The government’s Job Summit has come and gone and the real work is now starting.
Economic discourse often seems to focus too much on effects rather than causes. A rising level of unemployment is a visible symptom of the first downward cycle of recession. So is a loss of business and consumer confidence. Both reinforce the vicious spiral which leads to more unemployed. But the root causes lie elsewhere, and so do the real solutions.
In the case of the current financial and economic crisis, the causes are largely systematic. Despite references by commentators to previous recessions and depressions (Gordon Brown has just used the dreaded D word), the current crisis has completely new dimensions, not least in the way global financial institutions, intertwined Medusa-like, can rapidly accelerate movement both up and down the financial game of snakes and ladders.
New Zealand seems to be sheltered to a degree, at least temporarily, from Northern Hemisphere excesses. Our depreciating dollar has ameliorated the effects on our exports, though sales are softening, and our (mainly Australian owned) banks seem to be in a reasonable shape because of their comparatively conservative stance, though it is to be hoped this very conservatism is not a barrier to banks being involved in creative solutions such as the proposed equity capital fund.
It is very laudable to try to keep more people in work by such measures suggested at the Summit as the proposed nine day fortnight for some industries plus a training day. The government looks as it will put up the cost of the training though not of the wage costs. This could create some much needed momentum for the Skills Strategy of the previous government.
Used properly, the 10th day for each worker is a great opportunity for timely and relevant education and training, particularly if this results in a genuine upskilling of the trade, technical, people and sales skills which will both help an organisation survived the downturn or worse, and position it for the eventual upswing.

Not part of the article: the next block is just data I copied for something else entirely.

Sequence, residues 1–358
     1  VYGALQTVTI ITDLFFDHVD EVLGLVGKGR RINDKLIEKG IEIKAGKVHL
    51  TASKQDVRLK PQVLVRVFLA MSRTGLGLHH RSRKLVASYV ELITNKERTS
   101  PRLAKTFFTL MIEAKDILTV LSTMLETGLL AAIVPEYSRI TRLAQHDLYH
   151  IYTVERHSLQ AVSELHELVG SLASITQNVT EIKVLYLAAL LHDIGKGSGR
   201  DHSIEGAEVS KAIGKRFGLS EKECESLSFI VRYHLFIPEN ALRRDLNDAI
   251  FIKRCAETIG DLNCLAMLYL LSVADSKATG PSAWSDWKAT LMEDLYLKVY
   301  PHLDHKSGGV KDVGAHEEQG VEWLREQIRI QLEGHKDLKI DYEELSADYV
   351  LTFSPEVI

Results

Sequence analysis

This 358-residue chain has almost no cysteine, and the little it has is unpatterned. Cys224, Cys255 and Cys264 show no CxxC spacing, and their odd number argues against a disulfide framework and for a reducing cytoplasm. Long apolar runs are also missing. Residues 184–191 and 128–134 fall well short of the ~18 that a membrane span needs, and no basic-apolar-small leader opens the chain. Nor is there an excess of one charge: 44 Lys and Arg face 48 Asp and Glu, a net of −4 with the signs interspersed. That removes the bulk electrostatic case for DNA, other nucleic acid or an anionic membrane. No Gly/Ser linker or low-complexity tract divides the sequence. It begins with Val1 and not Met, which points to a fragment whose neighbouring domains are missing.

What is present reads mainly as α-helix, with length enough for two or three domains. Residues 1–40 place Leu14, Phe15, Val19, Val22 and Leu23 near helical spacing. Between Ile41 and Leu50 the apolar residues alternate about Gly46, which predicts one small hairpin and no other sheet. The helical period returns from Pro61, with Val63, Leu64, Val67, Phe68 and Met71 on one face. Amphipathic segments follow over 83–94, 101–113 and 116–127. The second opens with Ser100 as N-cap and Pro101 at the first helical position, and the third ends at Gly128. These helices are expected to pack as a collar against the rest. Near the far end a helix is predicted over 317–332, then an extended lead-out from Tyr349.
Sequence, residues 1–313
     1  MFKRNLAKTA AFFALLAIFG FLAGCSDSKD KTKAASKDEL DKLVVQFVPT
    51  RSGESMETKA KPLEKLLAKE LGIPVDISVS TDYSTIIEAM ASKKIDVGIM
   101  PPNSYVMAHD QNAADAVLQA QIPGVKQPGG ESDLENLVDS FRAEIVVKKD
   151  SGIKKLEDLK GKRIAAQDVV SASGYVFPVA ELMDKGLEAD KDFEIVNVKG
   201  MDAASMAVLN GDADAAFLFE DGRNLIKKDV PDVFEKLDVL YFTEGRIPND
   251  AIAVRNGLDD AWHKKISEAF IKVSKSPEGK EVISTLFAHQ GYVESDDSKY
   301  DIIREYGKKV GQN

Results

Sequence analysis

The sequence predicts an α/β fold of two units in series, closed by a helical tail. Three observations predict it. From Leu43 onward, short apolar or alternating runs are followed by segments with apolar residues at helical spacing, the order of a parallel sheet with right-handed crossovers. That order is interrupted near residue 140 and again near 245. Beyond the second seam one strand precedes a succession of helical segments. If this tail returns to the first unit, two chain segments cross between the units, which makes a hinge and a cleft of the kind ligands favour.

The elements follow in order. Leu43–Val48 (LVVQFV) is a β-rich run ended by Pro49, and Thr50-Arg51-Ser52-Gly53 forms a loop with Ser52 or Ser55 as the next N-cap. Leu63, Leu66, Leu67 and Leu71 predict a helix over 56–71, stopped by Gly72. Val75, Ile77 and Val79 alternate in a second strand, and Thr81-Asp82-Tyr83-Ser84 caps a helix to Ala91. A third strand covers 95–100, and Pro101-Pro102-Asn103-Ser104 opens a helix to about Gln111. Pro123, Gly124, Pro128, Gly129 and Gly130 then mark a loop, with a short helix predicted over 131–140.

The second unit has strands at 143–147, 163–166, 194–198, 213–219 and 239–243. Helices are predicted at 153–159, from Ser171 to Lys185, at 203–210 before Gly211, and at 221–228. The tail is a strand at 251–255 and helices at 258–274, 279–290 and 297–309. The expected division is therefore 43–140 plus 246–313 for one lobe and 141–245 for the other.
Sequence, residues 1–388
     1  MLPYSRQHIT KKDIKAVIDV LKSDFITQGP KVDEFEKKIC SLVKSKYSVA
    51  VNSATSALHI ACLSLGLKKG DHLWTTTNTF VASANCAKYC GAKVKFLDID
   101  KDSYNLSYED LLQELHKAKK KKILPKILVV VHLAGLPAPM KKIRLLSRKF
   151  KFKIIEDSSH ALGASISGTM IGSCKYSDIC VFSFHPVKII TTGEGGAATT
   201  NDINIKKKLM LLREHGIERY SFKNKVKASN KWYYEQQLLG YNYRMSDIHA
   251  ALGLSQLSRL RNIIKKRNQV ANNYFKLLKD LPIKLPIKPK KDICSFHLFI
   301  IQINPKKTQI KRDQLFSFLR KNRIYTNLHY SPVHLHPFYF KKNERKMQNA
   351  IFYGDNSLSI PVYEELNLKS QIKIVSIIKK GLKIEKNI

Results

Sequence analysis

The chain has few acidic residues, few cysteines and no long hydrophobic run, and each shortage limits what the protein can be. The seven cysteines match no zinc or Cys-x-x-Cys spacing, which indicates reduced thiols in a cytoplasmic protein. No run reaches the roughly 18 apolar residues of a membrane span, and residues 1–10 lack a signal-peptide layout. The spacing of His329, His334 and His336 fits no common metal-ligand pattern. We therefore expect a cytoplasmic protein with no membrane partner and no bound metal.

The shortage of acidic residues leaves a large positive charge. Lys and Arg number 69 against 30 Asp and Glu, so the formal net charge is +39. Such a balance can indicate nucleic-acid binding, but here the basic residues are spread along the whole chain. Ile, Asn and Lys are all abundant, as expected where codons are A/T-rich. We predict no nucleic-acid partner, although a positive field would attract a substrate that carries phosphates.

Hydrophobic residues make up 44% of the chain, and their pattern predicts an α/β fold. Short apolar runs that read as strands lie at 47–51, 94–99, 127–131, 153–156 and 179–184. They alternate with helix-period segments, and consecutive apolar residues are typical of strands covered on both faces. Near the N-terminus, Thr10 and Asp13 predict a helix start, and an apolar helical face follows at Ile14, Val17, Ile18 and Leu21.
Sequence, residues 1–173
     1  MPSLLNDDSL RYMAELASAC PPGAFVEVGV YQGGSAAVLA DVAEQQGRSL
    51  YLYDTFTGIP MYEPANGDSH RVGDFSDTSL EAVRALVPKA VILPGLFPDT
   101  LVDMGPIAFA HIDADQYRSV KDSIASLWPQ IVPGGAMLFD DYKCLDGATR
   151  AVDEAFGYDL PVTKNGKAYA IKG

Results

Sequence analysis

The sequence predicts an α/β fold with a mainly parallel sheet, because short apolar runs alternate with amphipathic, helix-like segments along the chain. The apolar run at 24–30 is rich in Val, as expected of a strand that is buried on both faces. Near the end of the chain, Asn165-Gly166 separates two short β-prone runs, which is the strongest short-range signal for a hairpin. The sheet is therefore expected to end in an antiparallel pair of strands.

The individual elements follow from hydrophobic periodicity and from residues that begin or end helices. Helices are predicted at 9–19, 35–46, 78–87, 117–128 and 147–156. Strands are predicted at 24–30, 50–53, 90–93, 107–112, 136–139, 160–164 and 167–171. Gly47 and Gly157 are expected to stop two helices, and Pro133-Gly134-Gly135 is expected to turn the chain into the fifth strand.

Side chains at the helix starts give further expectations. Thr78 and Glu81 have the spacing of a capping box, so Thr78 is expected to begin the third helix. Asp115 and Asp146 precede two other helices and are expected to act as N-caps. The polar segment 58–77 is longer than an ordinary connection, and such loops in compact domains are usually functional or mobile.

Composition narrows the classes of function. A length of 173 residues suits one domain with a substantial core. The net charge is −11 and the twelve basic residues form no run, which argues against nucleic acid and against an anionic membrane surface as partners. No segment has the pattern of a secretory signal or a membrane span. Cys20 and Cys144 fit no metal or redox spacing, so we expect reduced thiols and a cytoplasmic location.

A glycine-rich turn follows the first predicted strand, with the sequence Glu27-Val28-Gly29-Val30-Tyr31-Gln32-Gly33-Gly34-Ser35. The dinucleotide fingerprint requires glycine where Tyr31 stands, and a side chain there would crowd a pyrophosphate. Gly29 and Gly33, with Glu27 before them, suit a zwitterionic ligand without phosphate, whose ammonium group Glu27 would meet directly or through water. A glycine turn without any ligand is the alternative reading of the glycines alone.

However the real challenge for New Zealand is not just unemployment, it is under-employment. As the annual Gallup surveys of employee engagement show, even in good times a large percentage of the workforce in many organisation is either switched off or not fully engaged http://www.gallup.com/consulting/52/Employee-Engagement.aspx .
Everybody needs a fresh challenge and new opportunities from time to time. Here is a great opportunity to match intelligent business strategy with people development.
In its pre-election manifesto National talked about the “ladder of opportunity” in terms of student achievement, especially for those whom the education system had not served well. Managed properly, a workplace-based skills programme involving everybody from the board table to the shopfloor, would create an escalator of opportunities. As people stepped up into new jobs-governance, management, mentoring and coaching, marketing and sales, team leading, trade and technical and so on- room would be created on the step of the escalator formerly occupied by someone now on the step above.
This is a contrast to the Tokyo railway station-like approach to unemployment by government agencies in years gone by, with the focus on creating a scrum to push as many passengers on to the stationery train as they can manage at any one time. The first metaphor is dynamic, the second static.
What is requires is a shift of thinking from focusing on the unemployed to focusing on the under-employed. It is all about tapping the talents of our nation in new ways. It is about helping people find out what they are good at and encouraging them do more of that in new, challenging and rewarding ways.
Of course, this is what good education is all about- drawing out and developing the talents and skills of individual learners of all ages and stages.
The backdrop to the economic crisis consists of the breath-taking new developments in science and technology which have already transformed the world and which contain the seeds of solutions for new ways of working together.
There is no prefabricated template to move us forward. We had to find our own answers for our own organisations. Experts won’t help us; by definition, their expertise is grounded in the past. In increasingly complex times, we need leaders who can be open to recognizing emerging trends and not trapped in the patterns of the past like the generals of World War I.
First we need the right questions. Handling uncertainty with flair and creativity and admitting you don’t know many of the answers is a good start for leaders who genuinely want to find a way through the present crisis and have their organisations in good shape when the business cycle picks up. People are much more likely to be engaged in finding answers and solutions if they are not cut and dried.
The key thing is to build awareness that we are all in this together. We are all engaged in steering or paddling the organisation’s waka. Direction, purpose and harmony, and the right balance of paddlers is the key to keeping the waka afloat. If your end sinks so does mine!